Man of many hats
By Nancy Alexander
A number of citations hang a bit haphazardly over Tom Turpin's well-worn computer, 1992 president of the Entomological Society of America and 1995 CASE Indiana Professor of the Year among them. But it's a framed, hand-lettered maxim that perhaps characterizes Turpin best: "Anybody can be a professor, if he studies hard enough along one line, but it takes a man of wide knowledge of all the sciences to be a farmer."A number of citations hang a bit haphazardly over Tom Turpin's well-worn computer, 1992 president of the Entomological Society of America and 1995 CASE www.case.org Indiana Professor of the Year among them. But it's a framed, hand-lettered maxim that perhaps characterizes Turpin best: "Anybody can be a professor, if he studies hard enough along one line, but it takes a man of wide knowledge of all the sciences to be a farmer."
Turpin is a farmer by temperament and upbringing. (His brother still runs the family farm in Troy, Kan., in the northeast corner of the state.) But he is also an academician of wide-ranging interests, a researcher by training and a teacher by accident. Or maybe, by destiny.
Through his leadership of the Entomological Society, Turpin came to conclude that roughly half of his colleagues are "born" entomologists, collectors whose fascination with insects dates back to their childhood bug jars. Tom wasn't the kid with the ant farm or 4-H insect collection. "But like any boy on a farm, I had an interest in all things living," he says.
Turpin classifies himself instead in the other half of "made" entomologists, whose interest was sparked by a teacher along the way. Turpin came to entomology late, when an undergraduate biology professor at Washburn University suggested that graduate study of soil insects seemed a logical specialty of Turpin's ongoing interest in agriculture.
Thirty-five years later, the entomologist remains a reluctant collector who maintains some light traps at his 80-acre farm near West Point, Ind., "just for teaching."
Collecting aside, Turpin barely contains his enthusiasm for the field. "Entomology is wildlife biology, " he says, "just on a small scale. Wildlife biologists can study grizzly bears, but there aren't that many grizzly bears, and there are a whole lot more insects. Studying insects in their natural environments is a 'natural' for these people." And the array of career choices available in entomology is amazing, he adds.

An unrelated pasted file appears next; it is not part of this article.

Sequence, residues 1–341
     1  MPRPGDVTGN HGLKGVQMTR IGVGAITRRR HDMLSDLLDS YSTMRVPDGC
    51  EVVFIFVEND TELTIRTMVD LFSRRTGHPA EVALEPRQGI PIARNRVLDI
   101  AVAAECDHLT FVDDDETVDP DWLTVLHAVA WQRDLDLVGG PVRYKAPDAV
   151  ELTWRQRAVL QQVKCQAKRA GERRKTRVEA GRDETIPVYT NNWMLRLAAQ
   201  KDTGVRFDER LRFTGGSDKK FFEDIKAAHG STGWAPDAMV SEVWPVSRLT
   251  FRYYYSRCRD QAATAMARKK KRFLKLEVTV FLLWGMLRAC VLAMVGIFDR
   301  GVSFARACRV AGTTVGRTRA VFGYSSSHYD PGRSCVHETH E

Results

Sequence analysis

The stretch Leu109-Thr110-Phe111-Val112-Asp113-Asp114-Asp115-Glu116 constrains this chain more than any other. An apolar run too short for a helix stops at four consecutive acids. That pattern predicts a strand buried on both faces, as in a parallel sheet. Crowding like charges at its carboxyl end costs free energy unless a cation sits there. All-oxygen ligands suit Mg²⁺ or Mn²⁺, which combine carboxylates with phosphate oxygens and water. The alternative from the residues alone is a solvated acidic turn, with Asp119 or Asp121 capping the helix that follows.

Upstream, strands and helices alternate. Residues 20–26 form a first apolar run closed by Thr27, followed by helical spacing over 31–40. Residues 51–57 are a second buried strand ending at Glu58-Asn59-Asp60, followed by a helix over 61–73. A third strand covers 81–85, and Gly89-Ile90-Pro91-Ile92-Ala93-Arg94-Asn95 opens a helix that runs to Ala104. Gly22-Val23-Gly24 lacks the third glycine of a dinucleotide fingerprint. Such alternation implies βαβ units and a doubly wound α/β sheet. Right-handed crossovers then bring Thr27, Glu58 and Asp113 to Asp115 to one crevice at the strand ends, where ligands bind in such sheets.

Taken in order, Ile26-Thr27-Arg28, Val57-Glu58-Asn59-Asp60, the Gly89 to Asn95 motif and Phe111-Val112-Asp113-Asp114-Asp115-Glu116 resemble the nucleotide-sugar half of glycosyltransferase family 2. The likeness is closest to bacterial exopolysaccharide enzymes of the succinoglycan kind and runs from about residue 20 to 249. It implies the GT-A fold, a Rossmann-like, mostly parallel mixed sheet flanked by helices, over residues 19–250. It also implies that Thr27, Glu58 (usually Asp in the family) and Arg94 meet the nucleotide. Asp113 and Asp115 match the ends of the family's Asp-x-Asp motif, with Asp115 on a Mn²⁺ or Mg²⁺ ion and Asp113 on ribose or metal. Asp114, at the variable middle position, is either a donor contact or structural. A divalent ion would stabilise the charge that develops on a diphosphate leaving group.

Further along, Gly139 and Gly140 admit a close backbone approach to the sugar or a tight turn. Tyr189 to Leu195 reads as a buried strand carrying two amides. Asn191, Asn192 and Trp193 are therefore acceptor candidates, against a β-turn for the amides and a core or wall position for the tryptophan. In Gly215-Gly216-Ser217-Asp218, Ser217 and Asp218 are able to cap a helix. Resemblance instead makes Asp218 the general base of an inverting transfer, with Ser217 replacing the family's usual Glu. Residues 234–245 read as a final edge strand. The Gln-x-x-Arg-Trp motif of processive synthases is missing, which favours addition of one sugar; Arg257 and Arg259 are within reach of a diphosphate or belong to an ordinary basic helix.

Turpin came to Purdue in 1971 from graduate school and an assistant professorship at Iowa State University. His appointment was entirely research-based in entomology. "I didn't know I was a teacher," he says.
Today the range of Turpin's courses reflects the range of his interests. He is a veteran beekeeper who teaches beekeeping and bee biology. He has led a graduate-level course in pest management nearly since his arrival at Purdue. In startling contrast is a recent offering called Insects in Prose and Poetry. The undergraduate class exposes 25 students to Turpin's own fascination with entomological references in music and literature. And he is working on a proposal for a course called "Heritage and Issues of Agriculture" that would capitalize on his long-standing interest in the history of farming.
But it's been Turpin's introductory course on insects, Entomology 105: Insect Friend and Foe, that has drawn students from other disciplines into his field of study. He recalls his motivation for proposing a popularized science course 15 years ago: "Bugs are fascinating. I bet if we taught it right, students would come across campus for it."
Well, not at first. Turpin admits to being "a little disillusioned" when six students showed up for the first day of class. His recruitment of the seventh class member is the stuff of Purdue legend: "I looked out the open window and yelled to a kid on the sidewalk," he says. "Surprisingly, he came to my door and checked out the class. Then he enrolled. He is an engineer, and I still hear from him occasionally."